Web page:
Dogs do not have an impulse to relieve themselves every time they go outdoors, so they will sometimes have accidents inside the home long after their pottying opportunity has passed. Similarly, dogs can usually sleep nearly anywhere they feel comfortable. But do dogs sleep in their own poop? Is it normal?
Although it certainly seems strange, it isn’t unusual for dogs to sometimes sleep in their own poop. However, it is never inherently normal for them to do so. Typically, age is the culprit because young puppies and old dogs mostly engage in this behavior for a variety of reasons. Besides age, though, the following factors may also contribute to dogs sleeping in their own poop:
- They like the smell
- Past history/experience with sleeping in their own poop
- Uncontrollable bowel movements
- They are masking the smell of their own natural aroma
- Medical issues
- There isn’t much space to sleep
- Behavioral issues
Let’s discuss all these factors in detail.
10 Factors That Contribute to Dogs Sleeping in Their Own Poop
Normally, puppies and senior dogs do not have complete control of their sphincters, so it’s far more likely by comparison to other dogs that they may poop where they sleep or unintentionally end up sleeping where they poop.
For learning puppies and elderly dogs, this is simply to be expected in some cases. The average healthy adult dog should generally not have any problems associated with defecation in an area in which they usually sleep.
#2: They like the smell
This one may be difficult to comprehend, but it appears that dogs may genuinely like the scent of their own or other animals’ feces at times. Strangely, dogs may sleep in their poop due to the preference for familiarity.
Consider it in the same way people put on perfume: the stronger the aroma, the better it is for certain people. Dogs do not appear to be any different in this respect. While most dogs stick to rolling in dirt or trash to dirty themselves up for a good time, there are those canines that occasionally may find themselves sleeping in feces.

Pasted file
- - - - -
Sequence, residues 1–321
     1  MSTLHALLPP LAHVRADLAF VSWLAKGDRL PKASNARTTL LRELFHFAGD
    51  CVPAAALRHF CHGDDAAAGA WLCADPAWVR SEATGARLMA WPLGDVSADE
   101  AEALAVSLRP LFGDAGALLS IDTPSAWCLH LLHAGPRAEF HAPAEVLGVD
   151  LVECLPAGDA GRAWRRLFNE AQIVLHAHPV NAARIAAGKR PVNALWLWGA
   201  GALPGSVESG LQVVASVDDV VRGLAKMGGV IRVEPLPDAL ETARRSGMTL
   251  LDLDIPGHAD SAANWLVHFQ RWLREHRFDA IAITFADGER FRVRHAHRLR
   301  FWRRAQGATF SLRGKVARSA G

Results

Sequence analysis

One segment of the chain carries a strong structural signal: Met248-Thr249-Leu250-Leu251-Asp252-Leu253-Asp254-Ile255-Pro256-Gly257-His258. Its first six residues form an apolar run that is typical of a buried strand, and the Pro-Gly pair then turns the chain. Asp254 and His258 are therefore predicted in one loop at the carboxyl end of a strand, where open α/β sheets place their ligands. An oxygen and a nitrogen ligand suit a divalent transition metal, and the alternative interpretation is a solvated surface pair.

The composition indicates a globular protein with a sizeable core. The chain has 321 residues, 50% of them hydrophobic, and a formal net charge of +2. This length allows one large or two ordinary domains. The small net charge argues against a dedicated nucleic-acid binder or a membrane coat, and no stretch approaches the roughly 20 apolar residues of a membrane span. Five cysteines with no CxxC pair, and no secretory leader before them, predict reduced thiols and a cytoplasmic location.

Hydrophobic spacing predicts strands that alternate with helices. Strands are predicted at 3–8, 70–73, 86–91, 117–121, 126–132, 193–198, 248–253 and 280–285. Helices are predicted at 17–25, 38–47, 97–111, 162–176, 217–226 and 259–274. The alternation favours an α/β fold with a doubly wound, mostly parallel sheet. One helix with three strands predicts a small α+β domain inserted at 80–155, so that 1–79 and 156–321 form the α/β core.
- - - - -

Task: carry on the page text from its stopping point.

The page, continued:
Another reason for canines to sleep in their own feces is sickness. Have you ever experienced diarrhea that was so severe that you couldn’t make it to the bathroom?
Think about it: you’re a dog who has to go outdoors, but no one is around to open the door for you. In that situation, you will end up pooping regardless of location if you’re unable to hold it. Most likely, this will end up being in a crate or in somewhere the dog feels comfortable, and this means it stands a pretty good chance of occurring in an area in which they sleep.
#4: Past history/experience with sleeping in their own poop
It is possible that in the past (before adopting your pet), your dog may have had the habit of sleeping in their own poop for one reason or another. To better understand this behavior, consider it similar to a child holding onto a familiar blanket or toy just as some puppies still do as well. Not only is it a learned habit, but carrying this scent with them offers a sense of comfort and familiarity. Your dog may be sleeping in his or her own poop as a way to return to that previous sensation of a familiar place or experience based on both scent as well as repeating the act of sleeping in feces. It may also be associated with trauma in some rescue dogs, functioning as an anxiety response as well as an unusual sort of coping mechanism.